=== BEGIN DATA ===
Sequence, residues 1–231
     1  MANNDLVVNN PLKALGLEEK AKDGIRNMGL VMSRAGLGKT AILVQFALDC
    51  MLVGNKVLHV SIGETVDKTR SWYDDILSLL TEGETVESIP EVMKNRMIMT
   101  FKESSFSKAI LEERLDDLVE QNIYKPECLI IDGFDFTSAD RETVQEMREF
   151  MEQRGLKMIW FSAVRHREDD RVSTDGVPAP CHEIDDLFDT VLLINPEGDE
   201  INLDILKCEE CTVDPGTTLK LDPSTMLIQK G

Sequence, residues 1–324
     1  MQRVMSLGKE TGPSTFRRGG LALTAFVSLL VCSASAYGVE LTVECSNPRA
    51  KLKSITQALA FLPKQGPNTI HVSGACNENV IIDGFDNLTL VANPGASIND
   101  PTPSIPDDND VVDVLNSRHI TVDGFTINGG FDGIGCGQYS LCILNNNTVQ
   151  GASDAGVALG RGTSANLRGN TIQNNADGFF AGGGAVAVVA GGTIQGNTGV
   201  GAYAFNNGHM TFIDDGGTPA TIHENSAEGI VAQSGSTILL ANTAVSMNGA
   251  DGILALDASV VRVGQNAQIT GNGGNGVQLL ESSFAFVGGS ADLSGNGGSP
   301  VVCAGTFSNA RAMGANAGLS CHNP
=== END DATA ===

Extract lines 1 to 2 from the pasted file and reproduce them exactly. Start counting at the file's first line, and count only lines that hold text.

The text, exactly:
Sequence, residues 1–231
     1  MANNDLVVNN PLKALGLEEK AKDGIRNMGL VMSRAGLGKT AILVQFALDC